Bay Area nurses seek healing through dance and storytelling

While nurses are often cast as heroes in movies and television shows, the tragedies they endure on the job are rarely resolved with precision when their shifts end. And unlike the protagonists found in popular dramas, it can be difficult for these frontline workers to find emotional release after a devastating day in the hospital.

Nurses reported that the challenges facing the sector are feeling even more pronounced in the wake of Covid. A 2023 study by the National Council of State Boards of Nursing revealed that an estimated 100,000 nurses have left the field during the pandemic. By 2027, the council expects 900,000 more nurses, one-fifth of the workforce, to defect.

While there’s no apparent cure-all for the industry, Denver nurse Tara Rynders has an unconventional idea for moving nurses in the right direction, so to speak.

This week, Rynders will lead hundreds of nurses through two days of dancing, crying and laughing at the California Endowments Center for Healthy Communities in downtown Oakland.

A registered nurse for the past 20 years, Rynders calls her brainchild the Clinic, and simply put, it’s a workshop designed for nurses to heal together from secondary trauma stress, compassion fatigue, and chronic burnout.

We herald healthcare workers as superheroes, he said. They are expected to leap from buildings without cloaks.

These jaw-dropping expectations are often expressed in terms such as resilience, a euphemism Rynders has said she has come to hate. She argues that a hospital is not an example of resilience and that asking nurses to remain resilient places an unfair burden on them.

It’s like asking someone to stay in a bad relationship and go for a walk or take a bubble bath, she said.

As Rynders told The Standard, her professional issues became personal when she was 26 and her mother died, an event that left her emotionally disoriented.

And my definition of resilience always bounced back stronger and faster, she said. But at that moment, I could not recover.

Tara Rynders | Courtesy of Adamo Bove

Making the decision to cut back on nursing, Rynders returned to school to pursue a dance degree, an experience she said gave her the language to express her grief.

It has been a process of softening and finding safe spaces and community with others, she said.

After her studies, Rynders gave birth to twins and nearly died of an ectopic pregnancy. She told The Standard that she vaguely remembers when she lay in a hospital bed in critical condition, a nurse whispering in her ear that she would be fine.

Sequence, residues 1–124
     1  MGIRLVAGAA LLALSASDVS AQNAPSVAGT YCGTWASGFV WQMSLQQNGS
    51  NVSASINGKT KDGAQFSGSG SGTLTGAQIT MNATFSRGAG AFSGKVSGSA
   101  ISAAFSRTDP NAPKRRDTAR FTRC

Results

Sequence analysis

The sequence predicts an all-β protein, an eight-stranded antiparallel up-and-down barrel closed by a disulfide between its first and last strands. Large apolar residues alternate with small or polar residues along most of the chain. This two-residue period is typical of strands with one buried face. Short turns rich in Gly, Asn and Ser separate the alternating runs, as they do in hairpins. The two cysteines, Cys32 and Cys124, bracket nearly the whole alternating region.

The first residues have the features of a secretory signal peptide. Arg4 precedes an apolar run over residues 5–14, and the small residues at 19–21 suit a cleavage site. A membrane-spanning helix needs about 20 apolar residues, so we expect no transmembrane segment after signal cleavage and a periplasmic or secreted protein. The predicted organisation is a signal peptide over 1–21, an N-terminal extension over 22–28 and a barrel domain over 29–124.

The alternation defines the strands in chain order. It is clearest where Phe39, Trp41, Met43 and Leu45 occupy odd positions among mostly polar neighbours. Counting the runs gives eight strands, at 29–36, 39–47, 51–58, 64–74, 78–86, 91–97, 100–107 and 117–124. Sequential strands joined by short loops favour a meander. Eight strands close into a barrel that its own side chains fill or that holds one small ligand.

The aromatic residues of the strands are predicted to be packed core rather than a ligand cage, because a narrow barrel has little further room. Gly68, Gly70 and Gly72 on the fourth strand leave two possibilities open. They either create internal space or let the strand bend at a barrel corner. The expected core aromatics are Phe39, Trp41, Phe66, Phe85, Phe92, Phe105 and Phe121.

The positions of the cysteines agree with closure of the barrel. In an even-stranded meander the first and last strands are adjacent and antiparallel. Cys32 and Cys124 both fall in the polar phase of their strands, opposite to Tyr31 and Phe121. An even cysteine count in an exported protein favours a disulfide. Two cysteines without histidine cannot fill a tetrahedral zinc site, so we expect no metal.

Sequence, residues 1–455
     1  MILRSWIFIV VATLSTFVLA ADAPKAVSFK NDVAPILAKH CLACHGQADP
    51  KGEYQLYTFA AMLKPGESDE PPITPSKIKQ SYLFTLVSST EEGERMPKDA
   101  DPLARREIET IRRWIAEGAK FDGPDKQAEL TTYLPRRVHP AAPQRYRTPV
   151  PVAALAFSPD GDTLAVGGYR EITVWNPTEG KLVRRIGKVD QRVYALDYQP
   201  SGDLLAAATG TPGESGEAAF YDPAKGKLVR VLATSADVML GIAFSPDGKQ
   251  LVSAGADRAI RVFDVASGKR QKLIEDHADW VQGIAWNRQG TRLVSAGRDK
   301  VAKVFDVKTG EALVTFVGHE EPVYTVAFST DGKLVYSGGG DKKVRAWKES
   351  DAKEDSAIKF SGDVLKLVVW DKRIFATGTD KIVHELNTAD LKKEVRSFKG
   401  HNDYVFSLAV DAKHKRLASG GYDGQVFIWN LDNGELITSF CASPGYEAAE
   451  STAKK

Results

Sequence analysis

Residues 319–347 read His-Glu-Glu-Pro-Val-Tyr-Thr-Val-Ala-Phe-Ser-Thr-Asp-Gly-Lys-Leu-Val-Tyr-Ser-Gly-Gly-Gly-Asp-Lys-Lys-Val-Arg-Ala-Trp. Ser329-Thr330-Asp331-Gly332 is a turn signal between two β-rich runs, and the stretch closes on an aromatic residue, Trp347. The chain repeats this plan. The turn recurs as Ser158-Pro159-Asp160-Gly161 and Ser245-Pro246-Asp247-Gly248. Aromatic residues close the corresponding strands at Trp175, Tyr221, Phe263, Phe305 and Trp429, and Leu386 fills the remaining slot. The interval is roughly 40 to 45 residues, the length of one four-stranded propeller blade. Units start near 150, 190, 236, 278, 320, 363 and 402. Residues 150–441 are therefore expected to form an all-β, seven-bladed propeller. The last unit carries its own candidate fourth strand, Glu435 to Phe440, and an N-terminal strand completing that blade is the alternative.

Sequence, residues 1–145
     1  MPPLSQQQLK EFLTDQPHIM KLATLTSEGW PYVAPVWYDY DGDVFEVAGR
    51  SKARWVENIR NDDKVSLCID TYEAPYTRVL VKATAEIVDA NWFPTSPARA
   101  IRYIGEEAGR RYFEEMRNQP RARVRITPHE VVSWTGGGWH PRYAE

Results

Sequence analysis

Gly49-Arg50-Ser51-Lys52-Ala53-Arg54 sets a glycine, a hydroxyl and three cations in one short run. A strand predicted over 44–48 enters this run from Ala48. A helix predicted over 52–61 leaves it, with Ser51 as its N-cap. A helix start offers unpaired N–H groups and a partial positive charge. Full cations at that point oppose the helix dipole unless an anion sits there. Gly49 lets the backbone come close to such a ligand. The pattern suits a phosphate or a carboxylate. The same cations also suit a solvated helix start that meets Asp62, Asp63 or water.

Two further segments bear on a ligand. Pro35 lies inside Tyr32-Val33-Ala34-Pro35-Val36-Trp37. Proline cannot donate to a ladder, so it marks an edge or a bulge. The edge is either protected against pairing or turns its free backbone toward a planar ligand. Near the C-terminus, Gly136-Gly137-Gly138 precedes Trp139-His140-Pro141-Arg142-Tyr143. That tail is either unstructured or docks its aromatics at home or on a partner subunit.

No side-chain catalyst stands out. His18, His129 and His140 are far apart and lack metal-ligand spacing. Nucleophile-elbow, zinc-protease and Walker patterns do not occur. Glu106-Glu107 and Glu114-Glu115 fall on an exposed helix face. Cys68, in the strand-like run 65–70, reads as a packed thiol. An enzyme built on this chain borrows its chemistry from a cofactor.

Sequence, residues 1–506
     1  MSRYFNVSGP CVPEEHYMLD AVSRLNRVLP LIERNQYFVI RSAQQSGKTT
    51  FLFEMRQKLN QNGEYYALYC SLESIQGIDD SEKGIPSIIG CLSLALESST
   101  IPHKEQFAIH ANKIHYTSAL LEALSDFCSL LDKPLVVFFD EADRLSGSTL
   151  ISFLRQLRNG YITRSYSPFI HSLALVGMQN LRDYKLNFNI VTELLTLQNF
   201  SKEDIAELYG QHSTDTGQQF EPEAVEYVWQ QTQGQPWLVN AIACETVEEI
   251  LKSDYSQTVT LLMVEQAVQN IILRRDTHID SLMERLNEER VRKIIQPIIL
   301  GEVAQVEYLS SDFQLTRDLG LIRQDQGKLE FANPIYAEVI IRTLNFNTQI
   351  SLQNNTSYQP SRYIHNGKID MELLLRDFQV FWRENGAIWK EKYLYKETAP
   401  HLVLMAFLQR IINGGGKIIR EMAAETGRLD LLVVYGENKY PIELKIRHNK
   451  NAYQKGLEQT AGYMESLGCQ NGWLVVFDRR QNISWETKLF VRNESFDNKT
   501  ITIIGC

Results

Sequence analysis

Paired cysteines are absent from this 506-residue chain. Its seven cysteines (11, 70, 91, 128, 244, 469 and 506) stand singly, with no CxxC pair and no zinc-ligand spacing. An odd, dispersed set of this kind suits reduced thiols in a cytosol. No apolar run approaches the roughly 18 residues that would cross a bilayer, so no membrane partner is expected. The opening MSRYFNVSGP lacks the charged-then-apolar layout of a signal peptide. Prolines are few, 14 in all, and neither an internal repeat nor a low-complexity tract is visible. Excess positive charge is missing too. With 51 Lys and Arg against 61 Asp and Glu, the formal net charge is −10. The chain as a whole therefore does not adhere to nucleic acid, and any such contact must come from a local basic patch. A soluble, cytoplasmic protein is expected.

After that, I realized how exhausted I was as a nurse and wanted to change the way we operate as health care providers, she said.

Leveraging her dance training, Rynders created the Clinic in 2017, as well as an immersive dance piece that drew on the experiences of her nursing community.

A Snapshot from Rynders’ Engaging Dance Piece ‘First Do No Harm’, Staged Inside a Working Hospital | Courtesy of Drummond West

When he launched the seminar, he said nurses, as a whole, weren’t quite ready to admit they had a burnout problem. But as she discovered, Covid changed everything. During a recent discussion with 600 nurses, Rynders said she was struck by something one of the attendees said.

She said, I can go home and talk to my partner and therapist, but when I talk to other nurses, that’s when I feel healing, Rynders recalled.

How did this feeling become the norm? Rynders likened the experience of being a nurse to the #MeToo movement, when the combined emotional impact of the job creates a traumatic response that elicits feelings of guilt and shame.

We just feel like we’re alone, she said. Much of this workshop is about realizing that you are not alone.

Over the past six years, Rynders has taken the clinic to nine hospitals across the country. It opens with a series of playful exercises to carve out a comfort zone in the room. Rynders facilitates storytelling sessions so participants can process their trauma and grief. The day culminates with a circle dance, an emotional release that according to Rynders usually elicits a combination of tears and laughter.

Nurses dance and play during a recent workshop. | Courtesy of Drummond West

In a press release, an attendee named Charlene Johnson said the workshop gave them the space to truly unwind.

If you come in empty, you’ll leave satisfied and ready to spread the light as you once did, they said.

Rynders said he also sees the seminar as an opportunity for hospitals to have a real moment of reckoning.

Hospitals are failing on every corner right now, he said. Nurses are leaving the field very quickly and this is a really innovative way for hospitals to care for their teams.

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